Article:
And that was only Monday! The Field is still full of flowers, so i'll let you know what else they've been used for in a few days. (Thanks as always go to Emma Davies for the photos taken while i'm busy talking!)

if you'd like to come and support your Local grower, i am open on Saturday afternoon 12noon-4pm. The English Garden Magazine say's i'm one of 4 beautiful gardens to visit, - so it must be true...... (Tea and cake for anyone that needs more persuading)

The english garden tweet

 


This week in numbers

It's been a busy week, here at Plantpassion, so i thought i'd give you an idea in numbers of what i've been up to.

9 Varieties of Allium Flowering on the field

Here's 5 of them, Allium Christophii, Allium Purple Sensation, Allium Cowanii, Allium Atropurpureum and Allium Mount Everest, There's also Allium Roseum, Allium Purple King, Allium Nigrum, and Nectaroscordum Bulgarium (Used to be Allium Sicilium)

Allium montage

1844 Holes burnt in Landscape matting , and 1550 Sunflower seeds directly planted into the holes (and 600 more Sunflower seeds ordered to fill the gaps!)

Landscape matting holes-1

(Have a look on my Facebook feed https://www.facebook.com/Plantpassion/ to see the video of the great device Ashley made me to burn the holes)

9 Florists orders that have gone out of the door, I only managed to snap a picture of Alison's booty in the back of her car, collecting for lovely posies in Peaslake and Caroline at Cherfold Cottage . Thank you to Jay Archer, for trying very hard to buy everything on the field (but purple Alliums aren't wedding flowers, I know!)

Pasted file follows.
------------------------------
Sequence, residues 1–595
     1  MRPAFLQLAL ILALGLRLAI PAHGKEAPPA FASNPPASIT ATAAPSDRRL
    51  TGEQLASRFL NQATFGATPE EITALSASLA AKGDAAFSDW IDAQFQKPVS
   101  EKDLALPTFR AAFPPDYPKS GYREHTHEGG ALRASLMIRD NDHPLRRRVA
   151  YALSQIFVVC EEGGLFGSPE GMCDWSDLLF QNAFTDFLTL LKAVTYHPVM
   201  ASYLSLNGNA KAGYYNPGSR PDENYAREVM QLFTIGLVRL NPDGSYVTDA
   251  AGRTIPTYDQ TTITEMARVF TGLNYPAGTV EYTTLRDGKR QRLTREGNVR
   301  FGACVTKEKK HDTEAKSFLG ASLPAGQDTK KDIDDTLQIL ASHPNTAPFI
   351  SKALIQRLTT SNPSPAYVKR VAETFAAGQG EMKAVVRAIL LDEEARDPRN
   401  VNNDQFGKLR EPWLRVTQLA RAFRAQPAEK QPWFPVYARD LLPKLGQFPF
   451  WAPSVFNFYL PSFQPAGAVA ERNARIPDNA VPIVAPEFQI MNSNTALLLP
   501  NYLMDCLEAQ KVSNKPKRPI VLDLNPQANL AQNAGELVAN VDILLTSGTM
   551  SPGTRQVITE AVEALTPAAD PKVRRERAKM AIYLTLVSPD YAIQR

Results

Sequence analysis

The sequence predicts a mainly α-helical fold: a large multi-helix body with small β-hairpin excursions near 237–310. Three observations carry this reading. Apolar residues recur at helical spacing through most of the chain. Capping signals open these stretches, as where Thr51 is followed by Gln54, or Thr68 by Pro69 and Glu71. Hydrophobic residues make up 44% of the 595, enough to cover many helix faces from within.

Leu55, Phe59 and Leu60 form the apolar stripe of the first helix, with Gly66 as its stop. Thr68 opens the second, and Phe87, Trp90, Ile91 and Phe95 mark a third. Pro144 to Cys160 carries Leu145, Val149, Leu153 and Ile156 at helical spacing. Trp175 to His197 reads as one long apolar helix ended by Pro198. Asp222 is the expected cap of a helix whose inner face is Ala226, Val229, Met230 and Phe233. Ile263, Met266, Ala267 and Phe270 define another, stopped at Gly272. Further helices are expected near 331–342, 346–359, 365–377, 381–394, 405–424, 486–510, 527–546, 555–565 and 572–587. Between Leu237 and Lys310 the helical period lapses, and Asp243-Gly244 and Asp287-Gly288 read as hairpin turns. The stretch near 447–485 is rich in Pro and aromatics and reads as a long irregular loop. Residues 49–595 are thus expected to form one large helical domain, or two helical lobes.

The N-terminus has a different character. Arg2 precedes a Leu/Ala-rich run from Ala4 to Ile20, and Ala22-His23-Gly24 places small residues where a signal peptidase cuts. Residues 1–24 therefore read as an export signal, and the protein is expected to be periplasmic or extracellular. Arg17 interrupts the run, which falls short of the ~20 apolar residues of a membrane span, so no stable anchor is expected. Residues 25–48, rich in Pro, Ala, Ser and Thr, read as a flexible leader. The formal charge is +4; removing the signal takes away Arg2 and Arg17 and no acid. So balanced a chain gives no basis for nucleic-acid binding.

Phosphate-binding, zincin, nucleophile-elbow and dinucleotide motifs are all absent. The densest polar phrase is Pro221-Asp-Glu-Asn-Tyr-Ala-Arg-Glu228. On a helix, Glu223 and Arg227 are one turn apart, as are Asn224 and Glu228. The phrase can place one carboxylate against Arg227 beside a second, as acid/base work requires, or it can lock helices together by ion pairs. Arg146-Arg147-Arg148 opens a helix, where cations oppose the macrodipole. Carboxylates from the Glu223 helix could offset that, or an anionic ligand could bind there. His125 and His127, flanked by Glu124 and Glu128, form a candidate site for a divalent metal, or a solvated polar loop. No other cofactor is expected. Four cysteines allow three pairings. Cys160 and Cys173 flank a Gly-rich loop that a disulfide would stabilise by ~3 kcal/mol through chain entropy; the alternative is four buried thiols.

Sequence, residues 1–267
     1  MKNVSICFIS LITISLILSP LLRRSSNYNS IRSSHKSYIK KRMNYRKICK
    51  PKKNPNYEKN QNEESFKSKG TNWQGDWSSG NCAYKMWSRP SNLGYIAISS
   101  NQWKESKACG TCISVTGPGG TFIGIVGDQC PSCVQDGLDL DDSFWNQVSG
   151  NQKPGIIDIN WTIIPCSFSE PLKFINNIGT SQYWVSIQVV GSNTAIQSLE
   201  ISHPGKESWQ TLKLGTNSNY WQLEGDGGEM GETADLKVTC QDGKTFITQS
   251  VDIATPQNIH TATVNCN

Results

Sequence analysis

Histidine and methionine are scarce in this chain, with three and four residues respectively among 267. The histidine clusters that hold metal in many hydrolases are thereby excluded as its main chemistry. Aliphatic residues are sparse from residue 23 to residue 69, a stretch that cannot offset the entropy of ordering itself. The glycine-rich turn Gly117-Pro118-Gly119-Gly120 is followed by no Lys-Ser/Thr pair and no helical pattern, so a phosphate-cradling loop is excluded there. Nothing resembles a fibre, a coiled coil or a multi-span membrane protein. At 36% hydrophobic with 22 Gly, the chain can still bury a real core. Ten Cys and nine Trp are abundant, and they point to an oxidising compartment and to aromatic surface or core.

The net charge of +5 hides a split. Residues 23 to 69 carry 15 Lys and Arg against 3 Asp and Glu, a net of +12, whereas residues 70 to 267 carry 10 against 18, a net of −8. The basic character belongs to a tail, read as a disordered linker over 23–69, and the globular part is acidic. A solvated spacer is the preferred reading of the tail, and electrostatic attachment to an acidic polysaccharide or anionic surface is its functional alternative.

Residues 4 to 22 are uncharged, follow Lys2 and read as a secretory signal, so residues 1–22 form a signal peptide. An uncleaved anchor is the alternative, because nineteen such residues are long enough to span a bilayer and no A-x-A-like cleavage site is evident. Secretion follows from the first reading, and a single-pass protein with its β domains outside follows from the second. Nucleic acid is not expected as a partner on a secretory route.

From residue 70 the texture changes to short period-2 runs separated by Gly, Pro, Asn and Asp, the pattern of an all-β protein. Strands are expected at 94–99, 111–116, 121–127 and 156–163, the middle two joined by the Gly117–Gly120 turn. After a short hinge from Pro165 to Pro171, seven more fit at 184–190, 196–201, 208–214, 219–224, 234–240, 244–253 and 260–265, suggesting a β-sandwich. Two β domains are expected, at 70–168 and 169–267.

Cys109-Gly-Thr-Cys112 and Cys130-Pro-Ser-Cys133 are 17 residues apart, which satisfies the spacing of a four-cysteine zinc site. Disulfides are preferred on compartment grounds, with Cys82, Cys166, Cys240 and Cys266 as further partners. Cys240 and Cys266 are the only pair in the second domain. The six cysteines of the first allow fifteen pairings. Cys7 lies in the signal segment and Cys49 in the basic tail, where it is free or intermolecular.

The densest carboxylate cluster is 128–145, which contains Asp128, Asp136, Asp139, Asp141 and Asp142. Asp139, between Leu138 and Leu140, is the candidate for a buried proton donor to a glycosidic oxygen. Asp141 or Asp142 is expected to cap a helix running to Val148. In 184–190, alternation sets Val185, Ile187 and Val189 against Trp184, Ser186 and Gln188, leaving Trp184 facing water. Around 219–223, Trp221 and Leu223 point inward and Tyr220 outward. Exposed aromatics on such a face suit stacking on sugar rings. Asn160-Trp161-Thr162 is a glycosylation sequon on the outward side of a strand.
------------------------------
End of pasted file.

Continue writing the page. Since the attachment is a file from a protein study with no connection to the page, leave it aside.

Florists order-1

6 posies or bouquets, collected or delivered to local clients. Here's a selection

Heres one i did earlier

4 Volunteers, who've come and helped me, and learned more about flower growing, - thanks Penny, Jenny, Emma and Heidi, 1 member of staff who's potted up 360 Dahlias in the last few weeks - thanks Jennifer. 2 Family members (this week) who are very good at mowing

1 wedding, with 4 bridesmaid bouquets, A brides bouquet and lots of buttonholes and corsages made

Obviously i can't show you this one until after the wedding, so here's the ingredients for one of the bouquets

Bouquet ingredients-1

20 Florists confirmed on our British Flowers Week Workshop (now sold out)

1 Charity (GUTS) supported with a fundraising private tour of the field, and feedback greatly appreciated

Gutsthankstweet

1 border planted with herbs for an East Horsley Client

250 miles, the distance my flowers traveled for a photo shoot on Tuesday. Many Thanks to Vanessa Birley Florals, Emma Davies Photo, and Fiona at Firenza Florals, for making them look so good on a Yorkshire back drop